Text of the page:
Toronto Metropolitan University
Kalatian, Arash.pdf (15.42 MB)

Pedestrian Dynamics in Smart Cities: Ubiquitous Sensing, Interactions, and Models

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posted on 2023-08-25, 20:12 authored by Arash Kalatian

The dissertation explores the influence of emerging technologies on the dynamics of urban areas from a pedestrian-oriented perspective. To evaluate this influence, novel data sources and modern data-driven approaches replace traditional data collection methods and modelling techniques. Part of the dissertation establishes new tools and techniques to predict and explain pedestrian behaviour that concerns the future dynamics in urban areas. Specifically, this dissertation considers: (i) what are the novel data sources that can capture detailed information on pedestrian behaviour and how can they be used efficiently? (ii) how to extract valuable information from these new high- dimensional data sources? (iii) how to utilize the data and tools to predict pedestrian behaviour in the future urban environment? and (iv) how to interpret and explain pedestrian behaviour in the context of smart cities?

This thesis is based on four articles introduced in Chapters 3 to 6. Chapter 3 introduces a semi-supervised residual network for transportation mode detection using passively collected labelled and unlabelled Wi-Fi signal data. Chapter 4 provides a survival analysis to model the wait time behaviour of a crossing pedestrian and analyze the effect of smartphone distraction on pedestrian behaviour. Virtual reality is used in this chapter as a means of data collection in a controlled environment. Chapter 5 highlights pedestrian crossing behaviour in the presence of automated vehicles. A large virtual reality data collection campaign is conducted to understand pedestrian behaviour in futuristic scenarios. Data-driven survival analysis is developed to analyze pedestrian wait time before mid-block unsignalized crossings. By using a post-hoc model interpretation, the contributing factors to pedestrian wait time are assessed. In Chapter 6, a neural network architecture is developed to incorporate sequential time-series data and contextual information to predict pedestrian trajectory. The proposed framework is applied to the virtual reality dataset.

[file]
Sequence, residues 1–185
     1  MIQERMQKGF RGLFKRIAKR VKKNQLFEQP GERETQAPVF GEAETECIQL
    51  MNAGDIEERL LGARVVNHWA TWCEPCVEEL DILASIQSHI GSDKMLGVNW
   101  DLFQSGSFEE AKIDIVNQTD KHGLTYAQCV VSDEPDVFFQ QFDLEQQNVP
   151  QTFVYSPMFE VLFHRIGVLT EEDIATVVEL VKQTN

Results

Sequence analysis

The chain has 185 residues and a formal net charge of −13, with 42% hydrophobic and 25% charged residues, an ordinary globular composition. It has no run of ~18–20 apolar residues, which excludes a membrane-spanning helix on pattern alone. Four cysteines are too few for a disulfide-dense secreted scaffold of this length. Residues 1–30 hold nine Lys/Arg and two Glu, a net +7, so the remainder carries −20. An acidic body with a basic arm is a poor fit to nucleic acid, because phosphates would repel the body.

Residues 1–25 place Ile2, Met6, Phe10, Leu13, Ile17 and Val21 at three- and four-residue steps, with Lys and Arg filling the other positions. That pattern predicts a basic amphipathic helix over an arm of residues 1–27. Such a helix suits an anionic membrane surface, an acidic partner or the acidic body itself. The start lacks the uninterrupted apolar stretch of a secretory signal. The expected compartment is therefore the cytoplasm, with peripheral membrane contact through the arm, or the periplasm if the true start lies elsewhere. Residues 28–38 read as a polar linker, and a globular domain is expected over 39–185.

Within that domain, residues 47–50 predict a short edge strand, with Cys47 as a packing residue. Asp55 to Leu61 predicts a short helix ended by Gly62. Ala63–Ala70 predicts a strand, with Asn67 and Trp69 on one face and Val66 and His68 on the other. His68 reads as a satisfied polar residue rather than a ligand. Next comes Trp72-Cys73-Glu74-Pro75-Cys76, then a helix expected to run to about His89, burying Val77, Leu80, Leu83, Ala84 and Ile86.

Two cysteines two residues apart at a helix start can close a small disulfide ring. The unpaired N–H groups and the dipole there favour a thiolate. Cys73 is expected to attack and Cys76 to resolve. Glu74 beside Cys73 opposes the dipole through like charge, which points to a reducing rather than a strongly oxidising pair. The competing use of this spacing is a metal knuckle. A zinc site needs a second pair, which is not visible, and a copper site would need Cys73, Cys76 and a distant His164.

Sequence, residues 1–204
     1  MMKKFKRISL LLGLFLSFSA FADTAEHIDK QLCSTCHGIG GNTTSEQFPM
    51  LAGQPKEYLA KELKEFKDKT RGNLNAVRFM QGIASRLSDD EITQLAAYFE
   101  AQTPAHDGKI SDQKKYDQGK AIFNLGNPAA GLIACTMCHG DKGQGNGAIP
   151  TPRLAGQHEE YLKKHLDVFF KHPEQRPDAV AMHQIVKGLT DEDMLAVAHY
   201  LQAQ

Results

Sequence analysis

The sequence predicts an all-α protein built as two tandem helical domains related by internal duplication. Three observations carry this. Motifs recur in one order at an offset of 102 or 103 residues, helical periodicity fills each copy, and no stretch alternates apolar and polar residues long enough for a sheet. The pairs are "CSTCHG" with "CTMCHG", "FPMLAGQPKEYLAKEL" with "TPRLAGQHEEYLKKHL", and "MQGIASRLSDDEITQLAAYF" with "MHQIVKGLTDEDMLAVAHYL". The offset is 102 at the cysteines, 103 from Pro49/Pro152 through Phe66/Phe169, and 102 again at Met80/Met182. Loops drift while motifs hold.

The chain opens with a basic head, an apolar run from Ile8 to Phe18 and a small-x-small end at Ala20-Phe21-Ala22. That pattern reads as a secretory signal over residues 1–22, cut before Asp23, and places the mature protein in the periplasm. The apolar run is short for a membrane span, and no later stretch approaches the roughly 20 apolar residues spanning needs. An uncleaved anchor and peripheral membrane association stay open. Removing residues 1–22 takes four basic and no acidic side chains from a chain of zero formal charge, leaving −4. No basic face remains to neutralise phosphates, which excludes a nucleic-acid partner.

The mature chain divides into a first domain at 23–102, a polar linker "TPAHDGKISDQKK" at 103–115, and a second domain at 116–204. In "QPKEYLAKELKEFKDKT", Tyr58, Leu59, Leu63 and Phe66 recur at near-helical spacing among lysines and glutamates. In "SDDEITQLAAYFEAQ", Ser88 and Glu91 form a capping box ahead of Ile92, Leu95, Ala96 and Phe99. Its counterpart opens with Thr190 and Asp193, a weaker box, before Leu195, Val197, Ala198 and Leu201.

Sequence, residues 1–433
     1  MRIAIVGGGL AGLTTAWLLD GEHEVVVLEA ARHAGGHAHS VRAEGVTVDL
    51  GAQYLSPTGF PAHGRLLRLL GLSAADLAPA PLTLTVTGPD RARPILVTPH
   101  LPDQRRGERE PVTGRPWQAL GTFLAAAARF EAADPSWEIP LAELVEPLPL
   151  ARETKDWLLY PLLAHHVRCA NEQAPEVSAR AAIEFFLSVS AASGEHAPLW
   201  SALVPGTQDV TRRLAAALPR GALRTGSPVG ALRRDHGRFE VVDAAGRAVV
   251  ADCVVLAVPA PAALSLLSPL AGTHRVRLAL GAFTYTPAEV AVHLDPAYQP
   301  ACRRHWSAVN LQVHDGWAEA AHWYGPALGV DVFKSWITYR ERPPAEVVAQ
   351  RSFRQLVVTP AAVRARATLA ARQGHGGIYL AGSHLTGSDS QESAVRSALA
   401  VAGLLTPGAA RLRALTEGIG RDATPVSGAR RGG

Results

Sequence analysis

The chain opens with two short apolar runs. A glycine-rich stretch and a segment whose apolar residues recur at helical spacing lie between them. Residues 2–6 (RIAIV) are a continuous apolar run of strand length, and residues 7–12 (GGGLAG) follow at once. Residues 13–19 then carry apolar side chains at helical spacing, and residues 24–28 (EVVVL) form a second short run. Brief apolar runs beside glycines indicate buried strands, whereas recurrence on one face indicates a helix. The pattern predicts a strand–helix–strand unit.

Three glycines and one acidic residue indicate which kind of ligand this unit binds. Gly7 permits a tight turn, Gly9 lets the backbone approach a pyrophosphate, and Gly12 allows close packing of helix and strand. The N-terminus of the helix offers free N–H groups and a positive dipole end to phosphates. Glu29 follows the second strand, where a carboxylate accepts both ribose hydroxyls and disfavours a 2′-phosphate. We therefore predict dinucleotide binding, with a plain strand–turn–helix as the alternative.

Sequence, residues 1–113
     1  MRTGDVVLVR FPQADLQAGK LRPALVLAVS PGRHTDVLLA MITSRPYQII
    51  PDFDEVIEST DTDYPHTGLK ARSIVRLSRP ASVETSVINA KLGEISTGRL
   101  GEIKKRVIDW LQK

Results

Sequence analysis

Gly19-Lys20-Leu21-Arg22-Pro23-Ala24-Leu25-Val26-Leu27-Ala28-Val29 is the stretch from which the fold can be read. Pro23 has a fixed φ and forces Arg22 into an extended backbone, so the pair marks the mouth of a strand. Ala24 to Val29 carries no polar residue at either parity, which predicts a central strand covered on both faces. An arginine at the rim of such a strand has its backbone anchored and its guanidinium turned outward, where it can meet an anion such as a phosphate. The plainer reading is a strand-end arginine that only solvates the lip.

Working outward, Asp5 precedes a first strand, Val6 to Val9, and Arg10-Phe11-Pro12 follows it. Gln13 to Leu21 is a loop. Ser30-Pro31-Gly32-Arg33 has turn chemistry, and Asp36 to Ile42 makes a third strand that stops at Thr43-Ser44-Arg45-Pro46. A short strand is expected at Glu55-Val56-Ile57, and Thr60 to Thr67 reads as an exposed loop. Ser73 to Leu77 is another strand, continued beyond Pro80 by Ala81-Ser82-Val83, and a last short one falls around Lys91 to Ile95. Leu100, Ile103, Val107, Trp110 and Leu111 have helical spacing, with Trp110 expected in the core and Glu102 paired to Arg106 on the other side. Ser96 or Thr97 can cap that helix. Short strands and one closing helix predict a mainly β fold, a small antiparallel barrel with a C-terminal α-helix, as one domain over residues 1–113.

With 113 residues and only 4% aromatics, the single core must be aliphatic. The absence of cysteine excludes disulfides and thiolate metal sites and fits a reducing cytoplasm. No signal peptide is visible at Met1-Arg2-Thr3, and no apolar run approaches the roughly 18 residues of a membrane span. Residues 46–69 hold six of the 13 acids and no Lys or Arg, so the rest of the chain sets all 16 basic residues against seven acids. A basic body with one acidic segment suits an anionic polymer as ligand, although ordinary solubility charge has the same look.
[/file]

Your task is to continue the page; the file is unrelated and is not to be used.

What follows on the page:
Methodological and data collection frameworks explored in this dissertation provide solutions for detecting, modelling and predicting pedestrian behaviour in a futuristic context. This dissertation con- tributes to the field of transportation by proposing alternative data collection methods, developing novel data-driven methodologies and analyzing pedestrian behaviour in the context of automated vehicles.





  • Doctor of Philosophy


  • Civil Engineering

Granting Institution

Ryerson University

LAC Thesis Type

  • Dissertation

Thesis Advisor

Dr. Bilal Farooq



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